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Bengal Cat Price: How Much They Cost in 2024

Written by: Kristin Hitchcock

Last Updated on June 12, 2024 by Catster Editorial Team

Bengal cat sitting on the bed

Bengal Cat Price: How Much They Cost in 2024

Bengal cats are rare and only bred by specialty breeders. Therefore, not only is finding one quite difficult, but they can also be extremely expensive. You should be prepared to put a few thousand dollars down on this cat breed. Plus, that doesn’t include all of the equipment and lifetime costs of these cats. Luckily, they are quite healthy, so their vet bills are usually cheaper.

For a complete idea of how much these cats might cost, keep reading below.

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Bengal Cat Price: One-Time Costs

These cats are typically quite expensive when it comes to purchasing one, at least. Because they are rare, you usually have to pay a pretty penny for a kitten. Finding them at adoption centers or shelters is nearly impossible.

Furthermore, because these cats are more active, you’ll need to pay more upfront for cat trees, toys, and similar equipment. Therefore, their upfront cost is high compared to other breeds. Be sure you can afford the equipment they need before deciding to adopt one.

Bengal cat standing in the garden
Image Credit: Jeannette1980, Pixabay


Because these cats are so rare and only owned by specialty breeders, they are rarely (read: never) available for free. If you find a Bengal kitten that is being given away for free, the odds of it actually being a purebred Bengal are quite low.

Even if someone adopted a Bengal kitten and then decided that they could not take care of it, many breeders have take-back programs and will take the kitten back. Therefore, these cats are not typically available for free. If someone gives a kitten away for free, they are likely going against their contract with the breeder.


You usually can’t find these cats at adoption centers for the reasons stated above. Their breeding is not widespread. Instead, only a few breeders own most of the breeding cats. Most of their kittens are sold without breeding rights, which means that they are usually spayed or neutered. Therefore, there are not many accidental kittens out there, which are the ones that usually end up in adoption agencies.

Furthermore, many kittens are under contract with their original breeder. If the owner cannot take care of the cat for one reason or another, they are usually required to be returned from the breeder.

Bengal Cat Living Room
Image Credit: 성혁 이, Pixabay


  • $1,500–$3,000

The average price for a Bengal cat is around $2,000. Breeding these cats is quite expensive, especially when it is done ethically. They are rare cats and often have a huge startup cost. Therefore, many of these costs get passed on to potential owners. Thousands of dollars for a cat might sound expensive, but the breeder is likely making very little money at this price.

There are many things that affect the price of a Bengal Cat from a breeder, including what is included with the kitten.

Initial Setup & Supplies

  • $280+

These cats are not inexpensive when it comes to equipment, either. Because they are more active than most cats, they tend to run through toys and climbing structures faster. They need lots of room to climb and jump, so cat furniture is a must for these felines. Plus, because many are required to be spayed or neutered upon purchase, you have to account for that surgery, as well.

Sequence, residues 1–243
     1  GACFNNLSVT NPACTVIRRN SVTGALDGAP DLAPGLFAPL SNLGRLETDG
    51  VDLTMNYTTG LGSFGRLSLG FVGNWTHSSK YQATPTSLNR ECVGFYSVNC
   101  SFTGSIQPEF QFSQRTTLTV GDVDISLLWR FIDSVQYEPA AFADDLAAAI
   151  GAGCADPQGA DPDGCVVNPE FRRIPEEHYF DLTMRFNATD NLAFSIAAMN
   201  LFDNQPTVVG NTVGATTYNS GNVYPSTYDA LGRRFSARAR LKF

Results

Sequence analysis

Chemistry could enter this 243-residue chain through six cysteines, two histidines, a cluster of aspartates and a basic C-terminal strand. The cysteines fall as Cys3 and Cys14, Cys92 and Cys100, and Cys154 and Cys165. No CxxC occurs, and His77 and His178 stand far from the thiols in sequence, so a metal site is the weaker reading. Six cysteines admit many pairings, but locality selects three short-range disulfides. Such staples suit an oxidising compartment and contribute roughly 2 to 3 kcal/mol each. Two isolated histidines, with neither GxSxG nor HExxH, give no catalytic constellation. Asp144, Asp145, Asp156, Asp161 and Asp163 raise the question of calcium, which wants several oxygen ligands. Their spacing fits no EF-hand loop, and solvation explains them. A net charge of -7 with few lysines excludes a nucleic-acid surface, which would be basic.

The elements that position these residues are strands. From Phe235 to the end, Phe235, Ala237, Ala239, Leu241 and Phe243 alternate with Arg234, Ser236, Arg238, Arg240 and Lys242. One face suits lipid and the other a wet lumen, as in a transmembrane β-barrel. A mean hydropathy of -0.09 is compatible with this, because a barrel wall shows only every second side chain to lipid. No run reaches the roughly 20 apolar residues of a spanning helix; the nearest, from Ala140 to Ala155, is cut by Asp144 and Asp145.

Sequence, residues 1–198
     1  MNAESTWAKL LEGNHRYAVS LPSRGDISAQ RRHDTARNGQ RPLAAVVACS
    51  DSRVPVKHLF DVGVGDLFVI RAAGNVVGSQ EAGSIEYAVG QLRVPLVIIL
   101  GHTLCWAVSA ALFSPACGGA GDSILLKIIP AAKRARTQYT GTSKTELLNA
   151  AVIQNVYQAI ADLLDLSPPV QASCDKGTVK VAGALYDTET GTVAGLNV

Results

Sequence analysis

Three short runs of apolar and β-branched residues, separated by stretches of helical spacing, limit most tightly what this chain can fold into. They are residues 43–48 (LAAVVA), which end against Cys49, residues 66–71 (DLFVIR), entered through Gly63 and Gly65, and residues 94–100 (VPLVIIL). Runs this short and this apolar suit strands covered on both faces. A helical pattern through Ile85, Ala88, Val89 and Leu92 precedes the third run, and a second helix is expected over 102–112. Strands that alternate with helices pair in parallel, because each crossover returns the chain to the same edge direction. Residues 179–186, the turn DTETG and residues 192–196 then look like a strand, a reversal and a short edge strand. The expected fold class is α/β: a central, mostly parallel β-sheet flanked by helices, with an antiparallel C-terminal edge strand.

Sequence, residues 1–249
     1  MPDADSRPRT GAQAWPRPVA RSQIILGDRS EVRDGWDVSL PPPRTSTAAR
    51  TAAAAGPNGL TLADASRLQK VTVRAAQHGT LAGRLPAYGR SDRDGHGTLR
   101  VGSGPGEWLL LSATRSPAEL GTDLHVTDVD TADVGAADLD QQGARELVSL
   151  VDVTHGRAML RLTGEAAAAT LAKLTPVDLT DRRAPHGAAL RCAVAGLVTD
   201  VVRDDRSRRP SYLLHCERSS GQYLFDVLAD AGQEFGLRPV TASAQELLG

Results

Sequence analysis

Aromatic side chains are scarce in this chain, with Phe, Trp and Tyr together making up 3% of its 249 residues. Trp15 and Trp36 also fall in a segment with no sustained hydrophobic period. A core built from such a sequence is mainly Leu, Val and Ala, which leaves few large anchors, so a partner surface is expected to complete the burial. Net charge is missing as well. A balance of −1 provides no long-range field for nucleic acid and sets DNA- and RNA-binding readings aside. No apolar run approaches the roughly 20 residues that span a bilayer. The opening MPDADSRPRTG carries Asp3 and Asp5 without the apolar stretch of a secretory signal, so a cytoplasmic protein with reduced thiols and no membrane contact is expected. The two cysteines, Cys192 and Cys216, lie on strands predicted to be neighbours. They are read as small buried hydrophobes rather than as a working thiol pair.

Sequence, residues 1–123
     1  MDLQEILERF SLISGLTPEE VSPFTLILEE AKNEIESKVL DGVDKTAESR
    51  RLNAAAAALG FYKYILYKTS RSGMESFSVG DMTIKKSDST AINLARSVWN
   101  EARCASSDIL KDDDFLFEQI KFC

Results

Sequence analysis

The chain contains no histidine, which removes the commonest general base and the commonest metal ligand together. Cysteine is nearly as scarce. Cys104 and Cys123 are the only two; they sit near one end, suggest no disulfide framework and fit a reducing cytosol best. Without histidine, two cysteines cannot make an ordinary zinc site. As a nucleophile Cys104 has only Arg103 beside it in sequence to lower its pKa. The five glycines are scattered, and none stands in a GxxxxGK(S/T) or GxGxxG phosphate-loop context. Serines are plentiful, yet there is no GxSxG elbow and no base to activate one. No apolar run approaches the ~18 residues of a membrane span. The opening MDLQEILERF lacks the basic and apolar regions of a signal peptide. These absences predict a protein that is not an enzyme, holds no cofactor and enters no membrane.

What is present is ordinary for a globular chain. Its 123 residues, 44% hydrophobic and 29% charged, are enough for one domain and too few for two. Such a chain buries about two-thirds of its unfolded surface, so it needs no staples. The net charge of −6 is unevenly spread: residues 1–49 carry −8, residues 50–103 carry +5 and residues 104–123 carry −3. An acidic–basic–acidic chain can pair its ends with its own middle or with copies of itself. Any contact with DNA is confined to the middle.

Typically, it is your best bet to purchase higher quality cat equipment that is going to withstand these cats as opposed to saving money in the short run by purchasing less expensive options.

Bengal Cat
Image Credit: 성혁 이 , Pixabay

List of Bengal Care Supplies and Costs

Pet Carrier: $35
Litter Box (large): $22
Cat Litter: $20
Dishes: $9
Scratching Post: $50
Cat Bed: $20
Cat Perch: $75
Toys: $20
Brush: $7
Various Cleaning Supplies: $25

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How Much Does a Bengal Cat Cost Per Month?

  • $50–$100

For the most part, these cats are not more expensive per month than any other cat breed out there. If you purchased quality products when bringing your cat home, then they should last quite a while. Therefore, you will not need to worry about replacing your perch or scratching post for some time.

However, you will need to purchase food, litter, and other consumables. Luckily, these cats are not very expensive in this case, either.

bengal cat stalking
Image Credit: skeeze, Pixabay

Health Care

  • $30–$380 per month

Bengal cats are pretty healthy, so they often don’t have many health care costs. You will need to pay for their regular vaccinations and parasite prevention. They will also need a regular veterinary visit about once a year.

Of course, if your cat does end up with health problems, these costs will be even higher. Some cats may need regular, monthly prescriptions for veterinary appointments. These can raise your cost substantially. If you decide to spay or neuter your cat, you can count in these expenses too.


  • $30–$90 per month

Every cat needs food, including your Bengal. They are larger, so they tend to eat a bit more than other cats. However, this doesn’t actually translate to much extra cost. (Not like it would in the food prices between a small dog and a large dog.)

The main price difference will depend on the quality of the food that you purchase. Premium options can be quite expensive, but they can also be better for your cat. Plus, keep in mind that better food may save you vet bills in the future.

Blue Bengal Cat
Image Credit: skeeze, Pixabay


  • $0 per month

Bengals will not need professional grooming. They are shorthaired cats that do not need their hair cut or trimmed. Therefore, you can typically get away with paying very little for their grooming. But you will still need to groom them at home regularly using a basic cat brush.